In addition to von Richthofen, the president of Prussia’s supreme court, Friedrich Drenkmann, also let his views on this issue be known.30 Drenkmann argued that it was impractical, indeed inadmissible, to delay and/or consolidate court cases on specific days in order to ensure more efficient transportation. And even if the trials could be consolidated, still more personnel would be needed to accompany the inmates to different chambers in the courthouse.

To resolve the problem, officials decided to explore the use of prison guards to transport inmates.31 And although early efforts to recruit guards were unsuccessful, ultimately officials prevailed and lauded the new method a success.32 The guards themselves, however, complained bitterly about their increased work load, because several of their number were always busy transporting inmates.33

Non-Boxed Transit: The Shackled March

But the use of prison guards or policemen – virtually all of whom were former Prussian military officers – did more than simply tax scarce personnel resources. It also put the urban sensibilities of Berlin’s streetwalking public to the test, because inmates who were vagabonds or who posed no danger to the public were, as a general rule, transported by foot (Wulff 1890: 205–06). On the streets of Germany’s burgeoning capital, this too became a public spectacle. So for example, whenever scheduling difficulties made it impossible to transport prostitutes by wagon, and forced the police to march them through the streets under armed guard, ‘disagreeable’ encounters were bound to arise.34 In 1888, and not for the first time, a prisoner had been shot by guards while in transit to the city’s military police station, causing women to faint and ‘harmless passers-by’ to be traumatised. And more frequently, military prisoners in transit were accompanied by crowds of ‘shouting and hooting’ residents. This kind of ‘embarrassing spectacle’ moved city officials to call on the Prussian military to abstain from transporting prisoners by foot and resort instead to the use of green wagons.35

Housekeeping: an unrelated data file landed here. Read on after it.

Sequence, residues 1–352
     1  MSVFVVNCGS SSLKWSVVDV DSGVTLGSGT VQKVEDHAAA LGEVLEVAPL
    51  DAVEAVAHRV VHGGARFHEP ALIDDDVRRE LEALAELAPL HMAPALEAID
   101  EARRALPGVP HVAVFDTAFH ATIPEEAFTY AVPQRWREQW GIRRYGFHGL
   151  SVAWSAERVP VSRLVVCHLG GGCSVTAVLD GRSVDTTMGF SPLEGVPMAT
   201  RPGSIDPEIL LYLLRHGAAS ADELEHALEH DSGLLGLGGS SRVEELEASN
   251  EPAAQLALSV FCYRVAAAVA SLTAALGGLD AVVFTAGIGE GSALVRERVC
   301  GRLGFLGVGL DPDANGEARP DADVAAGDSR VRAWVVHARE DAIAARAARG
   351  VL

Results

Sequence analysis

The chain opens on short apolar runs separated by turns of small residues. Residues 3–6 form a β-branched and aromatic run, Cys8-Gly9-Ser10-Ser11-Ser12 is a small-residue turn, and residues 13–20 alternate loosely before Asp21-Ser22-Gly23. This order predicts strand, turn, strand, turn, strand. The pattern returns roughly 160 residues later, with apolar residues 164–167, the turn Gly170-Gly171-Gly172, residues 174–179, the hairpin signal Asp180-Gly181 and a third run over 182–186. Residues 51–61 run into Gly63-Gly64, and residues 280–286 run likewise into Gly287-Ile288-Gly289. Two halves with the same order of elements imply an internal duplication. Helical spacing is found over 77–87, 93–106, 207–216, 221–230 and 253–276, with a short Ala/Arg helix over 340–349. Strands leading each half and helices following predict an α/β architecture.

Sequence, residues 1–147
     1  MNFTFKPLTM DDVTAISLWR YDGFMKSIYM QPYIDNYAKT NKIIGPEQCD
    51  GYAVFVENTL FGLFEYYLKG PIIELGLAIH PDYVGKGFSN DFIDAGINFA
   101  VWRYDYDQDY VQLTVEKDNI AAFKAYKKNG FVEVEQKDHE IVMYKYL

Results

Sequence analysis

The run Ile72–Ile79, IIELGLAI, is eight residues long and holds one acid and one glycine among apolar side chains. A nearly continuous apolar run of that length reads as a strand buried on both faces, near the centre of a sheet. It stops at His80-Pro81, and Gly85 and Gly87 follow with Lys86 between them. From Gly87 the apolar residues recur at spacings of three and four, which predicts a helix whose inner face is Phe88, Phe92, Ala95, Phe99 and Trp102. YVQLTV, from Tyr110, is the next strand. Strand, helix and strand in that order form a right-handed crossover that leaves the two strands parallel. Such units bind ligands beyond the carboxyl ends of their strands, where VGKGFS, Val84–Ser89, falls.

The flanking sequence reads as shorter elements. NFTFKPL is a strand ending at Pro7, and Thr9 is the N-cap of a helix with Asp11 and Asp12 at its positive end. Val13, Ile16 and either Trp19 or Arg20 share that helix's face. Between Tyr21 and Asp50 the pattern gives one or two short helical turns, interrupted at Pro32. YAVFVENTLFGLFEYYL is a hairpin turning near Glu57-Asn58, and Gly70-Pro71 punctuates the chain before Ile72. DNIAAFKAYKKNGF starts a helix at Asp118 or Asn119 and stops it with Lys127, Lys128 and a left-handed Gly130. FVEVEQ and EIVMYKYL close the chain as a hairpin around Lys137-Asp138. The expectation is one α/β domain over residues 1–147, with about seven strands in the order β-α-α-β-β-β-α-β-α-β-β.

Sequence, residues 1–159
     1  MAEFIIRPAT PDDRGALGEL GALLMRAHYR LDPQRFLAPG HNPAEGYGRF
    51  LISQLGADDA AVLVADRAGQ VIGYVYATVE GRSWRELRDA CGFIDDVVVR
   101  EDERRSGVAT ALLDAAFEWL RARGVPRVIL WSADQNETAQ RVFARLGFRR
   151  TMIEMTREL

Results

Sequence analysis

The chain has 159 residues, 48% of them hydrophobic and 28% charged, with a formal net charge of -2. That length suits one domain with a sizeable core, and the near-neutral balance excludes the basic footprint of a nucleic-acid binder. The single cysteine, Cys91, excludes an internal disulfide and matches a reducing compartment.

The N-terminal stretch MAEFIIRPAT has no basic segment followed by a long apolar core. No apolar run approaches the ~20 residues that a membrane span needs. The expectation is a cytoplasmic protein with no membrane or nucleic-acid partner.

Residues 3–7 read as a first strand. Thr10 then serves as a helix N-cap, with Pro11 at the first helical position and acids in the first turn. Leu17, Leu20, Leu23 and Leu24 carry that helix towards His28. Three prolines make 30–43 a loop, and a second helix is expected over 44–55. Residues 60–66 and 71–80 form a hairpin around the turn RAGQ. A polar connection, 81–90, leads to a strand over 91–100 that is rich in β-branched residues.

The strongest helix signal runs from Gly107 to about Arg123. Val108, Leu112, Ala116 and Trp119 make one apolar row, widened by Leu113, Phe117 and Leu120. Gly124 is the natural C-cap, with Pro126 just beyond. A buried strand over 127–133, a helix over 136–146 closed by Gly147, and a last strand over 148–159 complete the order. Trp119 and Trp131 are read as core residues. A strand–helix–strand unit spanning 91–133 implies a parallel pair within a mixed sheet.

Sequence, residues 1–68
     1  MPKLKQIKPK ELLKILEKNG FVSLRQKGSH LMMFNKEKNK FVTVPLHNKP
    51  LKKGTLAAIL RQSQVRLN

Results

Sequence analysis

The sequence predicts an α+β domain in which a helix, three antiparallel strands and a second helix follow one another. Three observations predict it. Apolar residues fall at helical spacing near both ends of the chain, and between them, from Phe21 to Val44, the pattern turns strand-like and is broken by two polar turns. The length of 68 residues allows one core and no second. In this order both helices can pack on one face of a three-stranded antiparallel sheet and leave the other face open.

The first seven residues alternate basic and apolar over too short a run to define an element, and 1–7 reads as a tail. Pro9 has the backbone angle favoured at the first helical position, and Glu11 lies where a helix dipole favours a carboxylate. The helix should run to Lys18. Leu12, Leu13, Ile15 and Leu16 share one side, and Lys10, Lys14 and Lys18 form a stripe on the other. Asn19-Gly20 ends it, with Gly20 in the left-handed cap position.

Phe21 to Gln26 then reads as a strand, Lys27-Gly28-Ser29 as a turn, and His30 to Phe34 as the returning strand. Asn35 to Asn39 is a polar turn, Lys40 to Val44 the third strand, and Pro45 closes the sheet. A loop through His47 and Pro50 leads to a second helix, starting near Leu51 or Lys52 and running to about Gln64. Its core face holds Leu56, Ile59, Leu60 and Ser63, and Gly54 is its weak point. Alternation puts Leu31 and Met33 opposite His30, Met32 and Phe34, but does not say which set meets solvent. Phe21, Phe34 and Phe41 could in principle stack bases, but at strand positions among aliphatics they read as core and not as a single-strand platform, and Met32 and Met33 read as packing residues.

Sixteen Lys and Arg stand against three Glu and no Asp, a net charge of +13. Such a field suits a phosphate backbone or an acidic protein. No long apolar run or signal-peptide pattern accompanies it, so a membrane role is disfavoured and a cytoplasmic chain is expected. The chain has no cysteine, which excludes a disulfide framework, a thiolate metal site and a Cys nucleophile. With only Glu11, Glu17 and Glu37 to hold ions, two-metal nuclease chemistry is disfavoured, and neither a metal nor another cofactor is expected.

Nowhere were these concerns more acute than in the Moabit neighbourhood, home both to the city’s largest prison near Ploetzensee and its main courthouse. The close proximity of these two institutions meant that local residents were frequent witnesses to inmates being marched through the streets from prison to the court and back again. In 1891 a local newspaper reported the sight of a small, young man, hands cuffed behind his back, accompanied by a ‘warrior-like’ prison guard with a bayonet, and followed by a band of between fifty and sixty school children.36 Workers on their lunch-hour couldn’t but shake their heads in dismay at the sight of this bizarre spectacle. The report went on to suggest that had the prisoner been transported by the green wagon, the public – and especially children – could have been spared this unsightly street scene.